The next time you feel lonely try just hanging out in it. Start or finish that book you've had on your nightstand. Research that idea that's been in the back of your head. Start your blog or podcast or book. Work on that painting. Put on some music, light a candle and dance (or cry) or both. I'm serious, sis...(or bro. Do I have any male readers? Other than you, Ray). There's a lot of power in letting yourself feel your emotions. If you do, you might find that just like clouds on a rainy day, eventually they will pass and the sunshine will emerge right around the time you were finding the courage to dance willingly in the rain.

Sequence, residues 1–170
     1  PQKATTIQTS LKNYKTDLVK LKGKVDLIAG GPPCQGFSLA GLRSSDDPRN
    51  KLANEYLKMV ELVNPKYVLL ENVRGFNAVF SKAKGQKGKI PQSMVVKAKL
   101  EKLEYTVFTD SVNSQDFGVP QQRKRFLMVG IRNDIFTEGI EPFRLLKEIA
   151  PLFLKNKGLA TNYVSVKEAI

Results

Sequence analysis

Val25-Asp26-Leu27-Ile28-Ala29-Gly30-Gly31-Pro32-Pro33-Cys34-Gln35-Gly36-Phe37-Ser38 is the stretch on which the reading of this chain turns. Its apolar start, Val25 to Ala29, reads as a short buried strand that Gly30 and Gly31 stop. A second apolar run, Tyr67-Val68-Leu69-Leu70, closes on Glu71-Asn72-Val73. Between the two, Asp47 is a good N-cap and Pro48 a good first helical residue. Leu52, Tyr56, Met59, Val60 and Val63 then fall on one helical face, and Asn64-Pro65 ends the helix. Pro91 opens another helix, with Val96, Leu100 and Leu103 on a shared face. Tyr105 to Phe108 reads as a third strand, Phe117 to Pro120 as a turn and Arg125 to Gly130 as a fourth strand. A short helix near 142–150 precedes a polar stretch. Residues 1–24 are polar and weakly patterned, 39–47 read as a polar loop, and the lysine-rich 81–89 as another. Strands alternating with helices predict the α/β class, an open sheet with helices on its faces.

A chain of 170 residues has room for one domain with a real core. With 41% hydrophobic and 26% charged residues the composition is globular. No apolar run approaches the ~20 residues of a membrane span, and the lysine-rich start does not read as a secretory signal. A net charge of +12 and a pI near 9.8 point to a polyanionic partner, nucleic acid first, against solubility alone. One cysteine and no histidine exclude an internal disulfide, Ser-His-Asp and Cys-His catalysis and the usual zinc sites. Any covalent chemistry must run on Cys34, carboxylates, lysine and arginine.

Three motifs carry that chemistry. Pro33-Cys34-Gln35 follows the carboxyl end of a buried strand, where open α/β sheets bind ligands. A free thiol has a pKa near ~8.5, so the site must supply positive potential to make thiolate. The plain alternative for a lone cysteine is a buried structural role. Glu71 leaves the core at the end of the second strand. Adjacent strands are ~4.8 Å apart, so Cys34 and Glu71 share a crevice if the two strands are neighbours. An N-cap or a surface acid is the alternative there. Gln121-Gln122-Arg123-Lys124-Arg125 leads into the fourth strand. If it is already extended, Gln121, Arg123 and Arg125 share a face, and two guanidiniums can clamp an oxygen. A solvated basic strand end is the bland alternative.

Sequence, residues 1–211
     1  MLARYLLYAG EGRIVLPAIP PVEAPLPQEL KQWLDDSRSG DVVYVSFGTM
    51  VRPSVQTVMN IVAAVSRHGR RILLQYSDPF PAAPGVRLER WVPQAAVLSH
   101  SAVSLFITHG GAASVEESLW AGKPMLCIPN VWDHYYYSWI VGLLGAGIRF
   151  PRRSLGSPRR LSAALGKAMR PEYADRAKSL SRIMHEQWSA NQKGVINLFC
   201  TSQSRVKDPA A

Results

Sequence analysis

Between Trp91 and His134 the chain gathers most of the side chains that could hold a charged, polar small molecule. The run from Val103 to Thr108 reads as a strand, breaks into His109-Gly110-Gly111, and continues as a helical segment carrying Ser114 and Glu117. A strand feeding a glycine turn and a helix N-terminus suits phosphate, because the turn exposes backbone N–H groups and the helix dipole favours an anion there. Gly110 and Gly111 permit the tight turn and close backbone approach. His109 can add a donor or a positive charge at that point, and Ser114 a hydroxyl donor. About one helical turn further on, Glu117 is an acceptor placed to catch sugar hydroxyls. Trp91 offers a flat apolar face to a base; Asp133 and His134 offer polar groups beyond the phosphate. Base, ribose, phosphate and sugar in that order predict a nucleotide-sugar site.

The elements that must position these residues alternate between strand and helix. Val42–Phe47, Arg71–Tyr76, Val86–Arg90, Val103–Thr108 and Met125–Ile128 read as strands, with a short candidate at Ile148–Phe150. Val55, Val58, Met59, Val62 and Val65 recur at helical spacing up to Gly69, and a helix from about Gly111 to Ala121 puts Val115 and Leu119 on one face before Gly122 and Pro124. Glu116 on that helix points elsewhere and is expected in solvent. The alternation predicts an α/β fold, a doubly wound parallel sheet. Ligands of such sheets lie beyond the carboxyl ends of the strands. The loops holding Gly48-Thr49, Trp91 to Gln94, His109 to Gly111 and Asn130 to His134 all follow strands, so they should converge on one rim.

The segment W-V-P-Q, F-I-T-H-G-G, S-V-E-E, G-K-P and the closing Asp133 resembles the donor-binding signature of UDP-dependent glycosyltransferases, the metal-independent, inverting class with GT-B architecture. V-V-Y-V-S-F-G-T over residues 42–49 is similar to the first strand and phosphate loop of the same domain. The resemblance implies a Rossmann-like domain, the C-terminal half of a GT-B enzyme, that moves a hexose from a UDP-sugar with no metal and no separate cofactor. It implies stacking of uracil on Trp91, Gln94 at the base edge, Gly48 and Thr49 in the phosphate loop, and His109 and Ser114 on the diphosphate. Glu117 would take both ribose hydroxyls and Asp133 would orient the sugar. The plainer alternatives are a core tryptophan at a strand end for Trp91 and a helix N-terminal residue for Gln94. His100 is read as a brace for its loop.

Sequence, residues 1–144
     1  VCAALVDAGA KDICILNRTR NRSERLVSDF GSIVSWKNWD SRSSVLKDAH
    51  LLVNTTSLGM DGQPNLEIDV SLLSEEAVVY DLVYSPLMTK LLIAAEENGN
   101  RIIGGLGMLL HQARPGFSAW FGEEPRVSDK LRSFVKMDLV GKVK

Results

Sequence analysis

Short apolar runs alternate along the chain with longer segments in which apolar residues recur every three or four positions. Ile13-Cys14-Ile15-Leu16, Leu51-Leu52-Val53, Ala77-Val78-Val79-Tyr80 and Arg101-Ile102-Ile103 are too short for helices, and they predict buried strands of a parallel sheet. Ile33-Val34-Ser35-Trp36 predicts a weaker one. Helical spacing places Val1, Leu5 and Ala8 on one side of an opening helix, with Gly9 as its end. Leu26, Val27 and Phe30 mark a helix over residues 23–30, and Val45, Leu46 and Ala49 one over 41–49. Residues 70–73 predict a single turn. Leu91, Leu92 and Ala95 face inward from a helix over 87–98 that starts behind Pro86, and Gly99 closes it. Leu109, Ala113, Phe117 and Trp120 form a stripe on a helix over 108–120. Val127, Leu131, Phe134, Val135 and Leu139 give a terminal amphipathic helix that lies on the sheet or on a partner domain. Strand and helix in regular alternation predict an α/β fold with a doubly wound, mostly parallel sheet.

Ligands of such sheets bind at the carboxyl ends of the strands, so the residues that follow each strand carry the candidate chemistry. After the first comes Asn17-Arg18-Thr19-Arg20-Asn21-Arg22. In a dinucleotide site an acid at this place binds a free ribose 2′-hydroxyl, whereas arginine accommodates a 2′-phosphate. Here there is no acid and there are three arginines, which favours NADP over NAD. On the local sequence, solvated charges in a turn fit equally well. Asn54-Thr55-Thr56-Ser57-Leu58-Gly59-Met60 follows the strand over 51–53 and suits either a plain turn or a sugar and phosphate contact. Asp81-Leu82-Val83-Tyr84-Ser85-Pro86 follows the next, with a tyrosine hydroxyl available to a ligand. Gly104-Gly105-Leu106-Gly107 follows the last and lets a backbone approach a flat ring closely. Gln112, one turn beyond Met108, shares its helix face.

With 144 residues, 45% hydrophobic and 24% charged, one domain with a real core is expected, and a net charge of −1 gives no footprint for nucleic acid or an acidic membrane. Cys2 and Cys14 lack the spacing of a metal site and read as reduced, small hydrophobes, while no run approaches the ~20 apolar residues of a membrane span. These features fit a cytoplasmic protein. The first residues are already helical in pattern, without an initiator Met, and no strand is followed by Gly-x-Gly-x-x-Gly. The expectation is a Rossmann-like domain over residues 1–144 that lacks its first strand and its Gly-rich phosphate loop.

10. Plan an exciting trip with someone you love. It doesn't even have to be a big trip. It could be a stay-cation. Having something to look forward to is often a light at the end of a lonely tunnel. My mom calls our visits "money in the bank" and it truly feels that way. When I first moved to the Bay Area ten years ago, I was fresh out of college and ready to start my dream life. I moved here with no friends or job prospects, but a whole bunch of optimism and a strong will to make some major changes in my life. I knew it would be hard starting over with friends, but I didn't know how hard. Two years in and while I'd made a couple of friends, I was unprepared for the level of loneliness I felt. I may or may not have spent my twenty fifth birthday working, going to yoga and then crying over a cupcake and a bottle of wine in my home office. What helped in that moment, and each day that I really struggled in those early years was telling myself that I just had to make it through to my visits home. Knowing that I was going to see my friends and family, even six months down the road, motivated me to find creative ways to occupy my time.